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The Chia consensus algorithm relies on timelords running VDFs for periods of time called sub-slots, which are adjusted periodically (and automatically) to take around 10 minutes. During every sub-slot, challenges are released by timelords, and a sort of mini lottery starts, where farmers check their plots for proofs of space. When farmers find a proof of space that qualifies, they broadcast it to the network.

The difficulty adjusts automatically to target 32 winning proofs for the entire network in each sub-slot, or about one winner every 18.75 seconds on average (32 winners per 600 seconds). The winning proofs are infused into the VDF at different times within the sub-slot.


A sub-slot is always targeted to last 10 minutes. There is also a period of time called a slot. Typically, a slot and a sub-slot are exactly the same thing. However, in order to prevent long-range attacks, slots are required to have at least 16 blocks (and sub-slots are not). If a sub-slot ends with fewer than 16 blocks having been created, the same slot must continue for another sub-slot. See the Overflow Blocks and Weight page (minimum block requirement) for more info.

The consensus requires farmers to follow the heaviest chain, which is the chain that has the highest accumulated difficulty (usually the chain with the most blocks).


Figure 4: Three sub-slots. The x axis represents time. Dotted lines represent VDF execution, advancing in time from left to right. Arrows represent hash dependencies (an object which points to another object includes the hash of the second object).

In figure 4, we can see three challenge points, c1, c2, and c3. At the these points timelords create challenges (256-bit hashes) which are provided as input to VDFs. Timelords take these hashes, and start computing a VDF on this challenge, for the specified number of iterations. In this example, each slot is 100,000,000 iterations. When the VDF is finished, the timelord publishes the new challenge and the proof of the VDF. An infusion of end-of-slot information happens at the end of each sub-slot.

A challenge is always a 256-bit hash. The base info that is always included in this hash is the challenge chain VDF. However, the infused challenge chain, SubEpochSummary, difficulty, and sub slot iters might also be included, depending on where we are in the epoch cycle:

class ChallengeChainSubSlot(Streamable):
challenge_chain_end_of_slot_vdf: VDFInfo
infused_challenge_chain_sub_slot_hash: Optional[bytes32] # Only at the end of a slot
subepoch_summary_hash: Optional[bytes32] # Only once per sub-epoch, and one sub-epoch delayed
new_sub_slot_iters: Optional[uint64] # Only at the end of epoch, sub-epoch, and slot
new_difficulty: Optional[uint64] # Only at the end of epoch, sub-epoch, and slot

Sub-slot: a segment of a fixed number of VDF iterations, subject to periodic work difficulty adjustments, which automatically target a time of 10 minutes.

Sub-slot iterations: determines how many VDF iterations each sub-slot must have. This number is periodically adjusted.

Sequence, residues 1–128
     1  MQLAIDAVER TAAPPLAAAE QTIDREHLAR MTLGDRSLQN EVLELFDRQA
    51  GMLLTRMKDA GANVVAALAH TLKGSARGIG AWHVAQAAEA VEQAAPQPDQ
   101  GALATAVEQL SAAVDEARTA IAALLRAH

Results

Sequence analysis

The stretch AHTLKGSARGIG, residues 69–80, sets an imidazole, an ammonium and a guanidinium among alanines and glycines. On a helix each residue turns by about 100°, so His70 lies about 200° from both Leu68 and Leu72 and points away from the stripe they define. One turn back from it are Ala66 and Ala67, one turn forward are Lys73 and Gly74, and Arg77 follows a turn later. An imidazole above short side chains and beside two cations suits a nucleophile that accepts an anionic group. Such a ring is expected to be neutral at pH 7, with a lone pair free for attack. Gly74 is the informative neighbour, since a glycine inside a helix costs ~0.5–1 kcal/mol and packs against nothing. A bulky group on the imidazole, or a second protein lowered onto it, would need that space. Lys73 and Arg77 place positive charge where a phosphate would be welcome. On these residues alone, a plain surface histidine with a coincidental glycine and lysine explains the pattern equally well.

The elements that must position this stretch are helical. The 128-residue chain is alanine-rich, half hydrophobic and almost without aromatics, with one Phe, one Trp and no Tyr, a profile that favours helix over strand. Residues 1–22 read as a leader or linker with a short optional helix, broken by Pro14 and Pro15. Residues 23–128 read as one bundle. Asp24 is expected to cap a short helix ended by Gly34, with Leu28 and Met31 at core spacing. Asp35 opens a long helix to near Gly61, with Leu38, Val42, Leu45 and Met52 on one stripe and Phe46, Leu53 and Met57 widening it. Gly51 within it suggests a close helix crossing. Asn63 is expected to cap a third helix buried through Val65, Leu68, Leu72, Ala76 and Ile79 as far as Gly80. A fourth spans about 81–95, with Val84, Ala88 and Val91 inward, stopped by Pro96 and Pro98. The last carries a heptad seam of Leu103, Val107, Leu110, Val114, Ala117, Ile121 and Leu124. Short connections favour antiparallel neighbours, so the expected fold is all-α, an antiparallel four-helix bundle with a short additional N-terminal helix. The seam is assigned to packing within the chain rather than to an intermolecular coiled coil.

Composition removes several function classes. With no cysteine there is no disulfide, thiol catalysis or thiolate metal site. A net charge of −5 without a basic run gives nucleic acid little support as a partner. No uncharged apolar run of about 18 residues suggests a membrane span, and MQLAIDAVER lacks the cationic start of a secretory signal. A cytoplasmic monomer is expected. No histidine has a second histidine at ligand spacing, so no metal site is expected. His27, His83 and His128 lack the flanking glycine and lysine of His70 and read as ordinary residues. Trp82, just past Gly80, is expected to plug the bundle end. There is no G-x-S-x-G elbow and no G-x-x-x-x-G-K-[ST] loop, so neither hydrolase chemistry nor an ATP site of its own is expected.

Challenge: a sha256 output string. It is used as a proof-of-space challenge for farmers' plots. It is also used for the challenge chain VDF, and is sometimes referred to as a challenge hash.

As you can see in Figure 4, there are three VDFs being executed concurrently, each of which serves a different purpose. They are explained in detail in the Three VDF Chains page.

In the networking protocol, the three VDF proofs are usually passed around together, in what is called an end of sub-slot bundle.

Genesis Challenge

The genesis challenge is the first challenge on a network that uses the Proof of Space and Time consensus. The timelords use this challenge to calculate and broadcast the very first signage point. Chia's mainnet, testnets and simulated networks each have their own unique genesis challenge.

The genesis challenge is created arbitrarily, by hashing a preimage. In the case of Chia's mainnet, the preimage included the hash of Bitcoin block 675317, which was mined shortly prior to the launch of Chia's network. It also included the following message from Bram:

"Operational error causes Fed payment system to crash" We stand on the shoulders of giants, now let's get farming!

The exact text of the preimage for Chia's mainnet is:

bitcoin_hash:0000000000000000000942b19f16b83a316acfa31e067c0b766c4dda034dc37f,bram_message:"Operational error causes Fed payment system to crash" We stand on the shoulders of giants, now let's get farming!

The SHA256 hash of this preimage is:


This hash is the genesis challenge for Chia's mainnet. The complete JSON data for the genesis challenge is located here. The first block on Chia's mainnet (block 0) was created at signage point 2; it points to the genesis challenge as its previous block. The prefarm was then distributed in block 1, at signage point 7.

The genesis challenge for other networks can be found opening config.yaml (located in ~/.chia/mainnet/config for Chia's mainnet and testnets) and searching for GENESIS_CHALLENGE: in the section corresponding to the desired network.